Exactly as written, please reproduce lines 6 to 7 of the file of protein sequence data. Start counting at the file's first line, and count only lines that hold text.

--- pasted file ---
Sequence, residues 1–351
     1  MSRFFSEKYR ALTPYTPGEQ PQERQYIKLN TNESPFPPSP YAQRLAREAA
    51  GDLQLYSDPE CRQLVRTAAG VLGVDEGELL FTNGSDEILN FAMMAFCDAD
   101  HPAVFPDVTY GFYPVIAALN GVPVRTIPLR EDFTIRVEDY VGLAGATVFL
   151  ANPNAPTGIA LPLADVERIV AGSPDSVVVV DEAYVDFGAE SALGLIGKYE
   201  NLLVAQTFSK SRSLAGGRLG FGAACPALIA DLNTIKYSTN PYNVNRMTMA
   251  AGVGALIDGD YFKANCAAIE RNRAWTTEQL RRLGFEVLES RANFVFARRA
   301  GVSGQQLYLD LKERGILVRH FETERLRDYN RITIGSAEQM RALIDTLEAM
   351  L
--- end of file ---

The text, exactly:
   201  NLLVAQTFSK SRSLAGGRLG FGAACPALIA DLNTIKYSTN PYNVNRMTMA
   251  AGVGALIDGD YFKANCAAIE RNRAWTTEQL RRLGFEVLES RANFVFARRA